This GIS based Coastal Information System is an excellent example of demonstrating the way to integrate information from various sources/agencies for user specific needs. The paper demonstrates the use of GIS and Remote Sensing techniques in development of Coastal Information System.

Approach
Based on the requirements of a coastal information system, the input data required for query and analysis needs to be ascertained first. Information about the availability of satellite data during spring and neap tides could be derived using the tide charts of the ports for which the Coastal Information System is to be developed. The available latest high-resolution data for spring and neap tides could be used to mark high water line, low water line, CRZ boundaries etc.

The following data layers are useful for such information system:

  • High resolution satellite data for spring & neap tide
  • Port limits
  • Regional development plans /Town planning maps
  • Ecological sensitivity/Marine park
  • Census information
  • Information regarding infrastructure details
  • Navigational Charts
  • Survey of India toposheets
  • Revenue Maps
  • Other details like information on ground water, geology etc

All the above information could be gathered from various sources and converted into digital format to overlay on each other and attaching non-spatial information for data and query analysis. Various conventions to be followed while marking HTL/LTL also need to be taken care of during the procedure, as specified in the guidelines on CRZ notification. Spatial and non-spatial data from several sources could thus be linked together for preparation of the CIS. This GIS based coastal Information System could provide all the required latest information attached to help regulatory authorities and developers in decision making. Miscellaneous latest relevant information can be added to the maps to keep them updated.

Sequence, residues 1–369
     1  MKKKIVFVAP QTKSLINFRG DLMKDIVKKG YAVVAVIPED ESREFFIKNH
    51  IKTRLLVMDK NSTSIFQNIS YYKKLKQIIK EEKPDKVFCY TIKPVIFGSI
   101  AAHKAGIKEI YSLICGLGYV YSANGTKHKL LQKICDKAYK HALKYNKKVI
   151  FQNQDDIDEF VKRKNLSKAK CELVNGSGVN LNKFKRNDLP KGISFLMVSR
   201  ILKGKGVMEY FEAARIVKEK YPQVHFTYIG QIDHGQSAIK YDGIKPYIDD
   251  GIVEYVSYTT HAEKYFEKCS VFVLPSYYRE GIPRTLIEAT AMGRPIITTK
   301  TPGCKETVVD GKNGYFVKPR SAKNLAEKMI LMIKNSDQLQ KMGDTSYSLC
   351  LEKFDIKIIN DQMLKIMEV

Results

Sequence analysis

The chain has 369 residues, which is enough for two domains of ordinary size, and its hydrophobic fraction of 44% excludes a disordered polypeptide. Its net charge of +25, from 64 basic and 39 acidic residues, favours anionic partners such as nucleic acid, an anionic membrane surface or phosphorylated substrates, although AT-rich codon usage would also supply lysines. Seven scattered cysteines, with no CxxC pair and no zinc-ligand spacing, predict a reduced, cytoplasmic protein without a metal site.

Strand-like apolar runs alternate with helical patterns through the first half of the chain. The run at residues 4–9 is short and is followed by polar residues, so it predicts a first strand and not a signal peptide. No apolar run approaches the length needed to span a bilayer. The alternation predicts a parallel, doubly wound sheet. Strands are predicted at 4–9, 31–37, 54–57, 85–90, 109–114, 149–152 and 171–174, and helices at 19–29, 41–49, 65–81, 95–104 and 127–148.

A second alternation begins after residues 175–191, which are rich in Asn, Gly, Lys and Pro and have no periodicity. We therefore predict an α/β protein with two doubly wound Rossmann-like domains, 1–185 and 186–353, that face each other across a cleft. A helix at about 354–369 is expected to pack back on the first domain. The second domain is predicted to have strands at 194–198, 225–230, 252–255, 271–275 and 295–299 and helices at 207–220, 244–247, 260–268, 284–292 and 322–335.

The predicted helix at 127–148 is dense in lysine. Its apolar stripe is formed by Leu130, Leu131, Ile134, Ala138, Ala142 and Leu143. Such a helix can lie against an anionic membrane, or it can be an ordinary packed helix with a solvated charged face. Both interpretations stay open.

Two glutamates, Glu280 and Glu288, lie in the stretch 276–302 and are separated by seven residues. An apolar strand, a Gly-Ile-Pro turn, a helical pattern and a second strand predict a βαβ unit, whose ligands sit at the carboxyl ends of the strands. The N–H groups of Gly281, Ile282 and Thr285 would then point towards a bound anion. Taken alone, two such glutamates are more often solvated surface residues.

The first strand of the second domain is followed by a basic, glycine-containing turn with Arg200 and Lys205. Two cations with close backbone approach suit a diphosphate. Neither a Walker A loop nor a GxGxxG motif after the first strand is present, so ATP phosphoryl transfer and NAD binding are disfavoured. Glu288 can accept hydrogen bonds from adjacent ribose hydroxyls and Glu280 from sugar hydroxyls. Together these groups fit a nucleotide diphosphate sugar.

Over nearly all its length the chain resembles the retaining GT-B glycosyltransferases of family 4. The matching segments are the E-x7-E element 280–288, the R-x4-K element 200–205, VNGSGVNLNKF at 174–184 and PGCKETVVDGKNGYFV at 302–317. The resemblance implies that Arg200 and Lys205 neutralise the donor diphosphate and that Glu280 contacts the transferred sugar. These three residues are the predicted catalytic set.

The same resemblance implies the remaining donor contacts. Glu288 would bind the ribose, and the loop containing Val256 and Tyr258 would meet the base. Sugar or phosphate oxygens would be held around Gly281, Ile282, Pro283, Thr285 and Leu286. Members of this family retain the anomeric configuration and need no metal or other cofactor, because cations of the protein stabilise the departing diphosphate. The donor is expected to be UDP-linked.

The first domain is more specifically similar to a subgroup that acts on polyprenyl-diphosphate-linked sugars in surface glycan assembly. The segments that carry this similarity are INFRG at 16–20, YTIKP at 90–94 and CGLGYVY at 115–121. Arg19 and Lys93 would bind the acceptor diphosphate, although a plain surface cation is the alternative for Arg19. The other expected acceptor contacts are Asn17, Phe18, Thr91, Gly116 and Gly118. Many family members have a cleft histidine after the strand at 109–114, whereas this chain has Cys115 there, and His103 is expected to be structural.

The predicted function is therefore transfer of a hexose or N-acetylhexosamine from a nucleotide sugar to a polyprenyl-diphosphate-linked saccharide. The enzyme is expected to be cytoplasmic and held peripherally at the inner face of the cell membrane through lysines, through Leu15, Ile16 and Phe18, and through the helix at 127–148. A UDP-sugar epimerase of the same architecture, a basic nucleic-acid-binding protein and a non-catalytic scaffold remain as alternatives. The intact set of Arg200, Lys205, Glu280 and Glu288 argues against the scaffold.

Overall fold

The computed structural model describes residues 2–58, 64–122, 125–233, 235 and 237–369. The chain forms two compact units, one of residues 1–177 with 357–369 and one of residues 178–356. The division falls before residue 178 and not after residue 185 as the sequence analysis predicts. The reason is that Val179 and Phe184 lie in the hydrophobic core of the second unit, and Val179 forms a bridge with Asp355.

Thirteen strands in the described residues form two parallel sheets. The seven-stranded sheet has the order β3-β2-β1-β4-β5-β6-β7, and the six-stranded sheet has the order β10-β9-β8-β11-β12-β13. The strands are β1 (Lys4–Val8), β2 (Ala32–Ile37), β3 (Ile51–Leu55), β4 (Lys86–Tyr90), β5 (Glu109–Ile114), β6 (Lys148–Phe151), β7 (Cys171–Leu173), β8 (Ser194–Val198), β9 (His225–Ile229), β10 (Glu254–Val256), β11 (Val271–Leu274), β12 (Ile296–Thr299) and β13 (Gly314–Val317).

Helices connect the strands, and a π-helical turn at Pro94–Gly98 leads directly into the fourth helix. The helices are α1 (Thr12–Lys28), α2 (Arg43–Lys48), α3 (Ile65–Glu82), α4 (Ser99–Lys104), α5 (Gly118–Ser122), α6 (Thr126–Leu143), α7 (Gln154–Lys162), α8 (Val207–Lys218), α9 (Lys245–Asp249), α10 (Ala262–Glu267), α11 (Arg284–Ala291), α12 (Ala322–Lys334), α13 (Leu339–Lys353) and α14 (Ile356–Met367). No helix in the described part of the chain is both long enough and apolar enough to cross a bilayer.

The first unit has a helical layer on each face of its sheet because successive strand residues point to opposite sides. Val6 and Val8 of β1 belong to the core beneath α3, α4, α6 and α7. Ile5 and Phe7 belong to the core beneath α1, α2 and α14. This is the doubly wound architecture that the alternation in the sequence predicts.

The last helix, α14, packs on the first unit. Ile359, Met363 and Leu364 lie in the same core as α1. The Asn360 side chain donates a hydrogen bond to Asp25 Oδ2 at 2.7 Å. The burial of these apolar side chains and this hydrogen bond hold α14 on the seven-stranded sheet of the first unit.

Development of an Information System
Development of Coastal Information System requires miscellaneous data in the form of several layers those could be overlaid on each other for analysis thus aiding decision making. Most important ones have been described in subsequent paragraphs:

High resolution satellite data: Latest high resolution satellite data is required to derive information related to high water line, low water line, road and rail networks and landuse pattern of the area. For this, either IKONOS or merged data of Indian Remote Sensing (IRS) Satellite LISS and Panchromatic sensors could be used. Data needs to be acquired for the dates of spring or neap tides so that HTL/LTL could be marked precisely. For data acquisition, dates need to be matched with the help of tide tables and date and time of pass of satellite. Once the water lines have been marked, coastal regulation zone boundaries at 200 m and 500 m from high water line could be marked.